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In the first half of 2017, a total of almost 8,000 settlement units in the West Bank including East Jerusalem were advanced in different stages in the planning and implementation process. Almost 5,000 housing units were promoted through plans and close to 3,000 housing units were advanced through tenders. This development will over several years enable potentially more than 30,000 Israeli settlers to move to the Occupied West Bank, including East Jerusalem.
The expansion of settlements occurred through a variety of methods, including the approval of a new settlement, the construction of housing units and public structures, the retroactive legalization of existing outposts and the declaration of Palestinian territory as Israeli “state land”.
There are currently approximately 208,000 Israelis living in East Jerusalem while the settler population in area C in the occupied West Bank, excluding East Jerusalem is some 399,000. This brings the settler population to approximately 600,000 Israeli settlers in 142 locations in the West Bank (130) including East Jerusalem (12). According to the Israeli Central Bureau of Statistics 4.6 % of the total Israeli population resides today in the Occupied West Bank excluding East Jerusalem.
A key development during the reporting period was the establishment of a new settlement, Amihai, in the West Bank in proximity to the existing settlement of Shilo, and in proximity of numerous outposts. In reality it is the first official settlement that is established by a government decision since 1992. Another worrying development was the retroactive legalisation of the illegal outpost of Kerem Reim near Ramallah.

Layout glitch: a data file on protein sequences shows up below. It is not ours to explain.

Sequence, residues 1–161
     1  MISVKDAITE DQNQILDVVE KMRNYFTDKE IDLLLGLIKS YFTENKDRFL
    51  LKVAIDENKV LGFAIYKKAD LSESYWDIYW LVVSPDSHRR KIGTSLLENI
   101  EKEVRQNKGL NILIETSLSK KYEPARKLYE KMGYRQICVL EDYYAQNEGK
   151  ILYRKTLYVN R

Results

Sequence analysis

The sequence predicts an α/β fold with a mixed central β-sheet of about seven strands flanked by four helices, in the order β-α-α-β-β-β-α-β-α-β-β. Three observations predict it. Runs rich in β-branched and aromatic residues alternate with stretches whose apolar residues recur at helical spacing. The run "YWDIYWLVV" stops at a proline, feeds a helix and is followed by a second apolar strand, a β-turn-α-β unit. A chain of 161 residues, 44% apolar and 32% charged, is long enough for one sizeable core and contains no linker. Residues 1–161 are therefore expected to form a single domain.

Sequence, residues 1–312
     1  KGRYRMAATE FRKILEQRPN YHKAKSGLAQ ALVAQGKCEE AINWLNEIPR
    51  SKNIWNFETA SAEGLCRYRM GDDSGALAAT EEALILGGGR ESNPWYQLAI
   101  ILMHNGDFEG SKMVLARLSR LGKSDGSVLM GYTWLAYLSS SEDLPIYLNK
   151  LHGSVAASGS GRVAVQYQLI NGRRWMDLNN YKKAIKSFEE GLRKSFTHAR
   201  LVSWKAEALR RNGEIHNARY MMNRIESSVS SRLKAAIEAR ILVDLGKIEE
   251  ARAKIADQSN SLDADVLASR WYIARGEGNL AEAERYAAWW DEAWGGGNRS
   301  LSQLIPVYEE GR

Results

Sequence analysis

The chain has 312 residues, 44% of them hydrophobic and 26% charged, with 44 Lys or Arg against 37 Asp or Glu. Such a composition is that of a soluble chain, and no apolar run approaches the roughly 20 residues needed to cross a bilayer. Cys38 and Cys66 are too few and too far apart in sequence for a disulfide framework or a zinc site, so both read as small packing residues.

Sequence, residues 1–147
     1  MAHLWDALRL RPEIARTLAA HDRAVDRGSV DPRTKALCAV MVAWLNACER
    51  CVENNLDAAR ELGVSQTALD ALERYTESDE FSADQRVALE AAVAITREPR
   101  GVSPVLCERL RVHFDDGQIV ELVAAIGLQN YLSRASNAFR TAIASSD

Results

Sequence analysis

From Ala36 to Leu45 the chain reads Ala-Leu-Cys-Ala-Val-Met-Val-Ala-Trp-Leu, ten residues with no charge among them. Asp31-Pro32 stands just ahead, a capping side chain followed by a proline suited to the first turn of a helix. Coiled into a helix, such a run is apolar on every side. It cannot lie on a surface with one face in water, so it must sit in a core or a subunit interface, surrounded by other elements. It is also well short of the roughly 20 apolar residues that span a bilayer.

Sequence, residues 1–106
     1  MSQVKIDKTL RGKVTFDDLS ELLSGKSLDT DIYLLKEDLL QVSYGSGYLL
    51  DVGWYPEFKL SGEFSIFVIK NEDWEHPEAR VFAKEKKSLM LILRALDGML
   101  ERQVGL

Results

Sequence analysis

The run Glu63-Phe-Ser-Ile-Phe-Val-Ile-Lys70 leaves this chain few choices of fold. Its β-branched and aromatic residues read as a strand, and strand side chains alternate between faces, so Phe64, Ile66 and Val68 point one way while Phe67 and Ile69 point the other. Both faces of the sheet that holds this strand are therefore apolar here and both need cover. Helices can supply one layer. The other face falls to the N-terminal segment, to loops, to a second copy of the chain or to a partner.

In general, settlement related infrastructure projects like bypass roads, archaeological and touristic projects all contribute to continued settlement expansion and the strengthening of Israel's presence and control of the West Bank, including East Jerusalem.
Continued settlement expansion, illegal under international law as reaffirmed by UN Security Council Resolution 2334 (2016), goes directly against long-standing EU policy and the recommendations of the Quartet Report (2016).
 The estimate is based on the average size of a household in the occupied West Bank of 4,66 persons per family (as defined by Israeli Central Bureau of Statistics, media release 030/2016, February 7, 2016, p.5).
 East Talpiot, French Hill, Gilo, Giv'at Hamivtar, Har Homa/Givat Hamatos, Ma'alot Dafna, Never Yaakov, Pisgat Ze'ev, Ramat Eshkol, Ramat Shlomo, Ramot, Sanhedria Murhevet.